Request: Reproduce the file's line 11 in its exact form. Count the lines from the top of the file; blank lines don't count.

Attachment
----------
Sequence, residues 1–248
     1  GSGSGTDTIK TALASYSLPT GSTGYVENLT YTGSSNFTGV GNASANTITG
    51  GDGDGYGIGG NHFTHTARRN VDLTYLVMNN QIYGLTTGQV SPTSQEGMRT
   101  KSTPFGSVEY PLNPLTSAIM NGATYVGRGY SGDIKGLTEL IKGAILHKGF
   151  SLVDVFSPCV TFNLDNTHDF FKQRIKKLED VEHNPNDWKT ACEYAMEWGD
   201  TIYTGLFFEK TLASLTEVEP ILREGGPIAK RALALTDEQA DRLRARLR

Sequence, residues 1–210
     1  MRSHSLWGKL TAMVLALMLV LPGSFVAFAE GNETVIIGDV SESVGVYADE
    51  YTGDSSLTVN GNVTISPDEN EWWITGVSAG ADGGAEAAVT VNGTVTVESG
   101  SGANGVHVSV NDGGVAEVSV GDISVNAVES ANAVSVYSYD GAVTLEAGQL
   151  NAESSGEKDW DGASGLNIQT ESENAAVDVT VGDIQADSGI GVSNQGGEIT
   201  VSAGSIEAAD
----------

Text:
   151  NAESSGEKDW DGASGLNIQT ESENAAVDVT VGDIQADSGI GVSNQGGEIT